Halibut and tomato with brussels sprouts, calabrian chili and arugula. Perfectly cooked, light and flakey.

Fried octopus with crisped rice, ramp chimichurri sauce and togarashi and arbol chili peppers. One of the very best octopus dishes I’ve ever had. It gets braised for hours before a light batter fry. And the ramp chimichurri is incredible.

Sasso Poulet. This is the best whole chicken dish I’ve eaten. The birds are brined for days and then hung, to allow the skin to cook more crispy. The bird comes out on a plate of burning hay for display purposes, filling the dining room with an amazing aroma.

Then it comes back disarticulated and ready to eat. I particularly liked munching on the feet.

This comes with crispy fingerlings, chicken liver mousse and pickled shishito peppers. At $69 this is a steal, and can easily feed two people.

90 day dry aged Pat LaFrieda cote de boeuf. This comes out to the table for viewing uncut like this, before resting:

And then after resting it comes back ready to serve for two (or more) looking like this:

This would be a 10/10 if there was a bit more char and crisp on the outside. It’s a bit more like a roast. But the flavor is perfect. Not too funky that it fucks up your taste buds. Perfectly cooked. And the fat and trim is diced up and fried, which is a brilliant way to reduce waste and make everyone smile with more tasty bits to eat. 9/10. You can pass on using the molasses sauce that comes with it though.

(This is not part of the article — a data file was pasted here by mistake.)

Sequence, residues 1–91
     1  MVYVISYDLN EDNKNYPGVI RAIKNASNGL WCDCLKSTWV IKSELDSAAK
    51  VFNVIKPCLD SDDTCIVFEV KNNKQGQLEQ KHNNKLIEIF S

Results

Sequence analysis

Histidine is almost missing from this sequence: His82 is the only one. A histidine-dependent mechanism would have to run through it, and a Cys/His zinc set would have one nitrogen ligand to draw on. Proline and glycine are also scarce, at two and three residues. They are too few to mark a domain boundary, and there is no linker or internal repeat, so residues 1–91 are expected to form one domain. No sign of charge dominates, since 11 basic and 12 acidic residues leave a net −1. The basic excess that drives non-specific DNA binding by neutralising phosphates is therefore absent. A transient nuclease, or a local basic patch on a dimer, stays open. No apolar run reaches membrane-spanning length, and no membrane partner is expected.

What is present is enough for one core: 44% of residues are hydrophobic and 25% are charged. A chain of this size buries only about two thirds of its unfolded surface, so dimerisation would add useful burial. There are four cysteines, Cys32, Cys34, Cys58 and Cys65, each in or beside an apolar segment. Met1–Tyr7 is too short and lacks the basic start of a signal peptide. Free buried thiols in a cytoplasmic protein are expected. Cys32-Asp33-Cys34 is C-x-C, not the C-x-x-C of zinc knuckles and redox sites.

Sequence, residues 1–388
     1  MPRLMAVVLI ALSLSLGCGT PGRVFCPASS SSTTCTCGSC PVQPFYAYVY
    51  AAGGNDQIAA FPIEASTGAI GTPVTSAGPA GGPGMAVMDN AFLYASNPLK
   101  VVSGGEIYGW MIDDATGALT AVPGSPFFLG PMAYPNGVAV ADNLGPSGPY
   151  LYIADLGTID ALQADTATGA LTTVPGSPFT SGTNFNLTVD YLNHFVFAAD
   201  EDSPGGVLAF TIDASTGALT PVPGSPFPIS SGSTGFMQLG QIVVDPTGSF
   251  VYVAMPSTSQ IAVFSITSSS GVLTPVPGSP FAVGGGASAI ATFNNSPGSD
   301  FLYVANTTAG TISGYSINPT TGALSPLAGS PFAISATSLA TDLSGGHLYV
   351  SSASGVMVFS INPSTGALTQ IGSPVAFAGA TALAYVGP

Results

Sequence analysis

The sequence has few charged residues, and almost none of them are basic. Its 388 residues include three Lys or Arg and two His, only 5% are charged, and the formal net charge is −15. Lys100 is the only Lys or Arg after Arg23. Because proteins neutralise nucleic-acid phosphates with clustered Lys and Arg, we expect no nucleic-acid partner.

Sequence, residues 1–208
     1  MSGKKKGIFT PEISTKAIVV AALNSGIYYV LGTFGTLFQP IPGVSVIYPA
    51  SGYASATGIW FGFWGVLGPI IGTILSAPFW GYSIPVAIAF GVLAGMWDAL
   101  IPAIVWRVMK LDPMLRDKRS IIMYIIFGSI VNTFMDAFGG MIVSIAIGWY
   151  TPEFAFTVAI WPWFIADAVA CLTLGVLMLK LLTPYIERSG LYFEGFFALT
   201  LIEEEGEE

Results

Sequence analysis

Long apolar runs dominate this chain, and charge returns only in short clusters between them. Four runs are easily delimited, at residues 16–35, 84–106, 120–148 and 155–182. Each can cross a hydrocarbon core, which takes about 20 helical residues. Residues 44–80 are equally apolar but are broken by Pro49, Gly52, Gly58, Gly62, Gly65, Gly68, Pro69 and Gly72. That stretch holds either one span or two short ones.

There was also and Japanese yam dish that came out at this time. I wasn’t a big fan, but it was absolutely stunning.

There was also a simple but tasty salad of greens citrus and blue cheese. Good way to cut the richness of the steak.

Dessert was equally as impressive as the savory courses, and they were all unique, which is rare these days.

Hazelnut financier with blood orange creme anglaise and cranberry dust.

Chocolate sorbet with milk crumbs, sea salt and olive oil.

Forbidden rice pudding with vanilla chai ice cream, rye sand and coconut snow.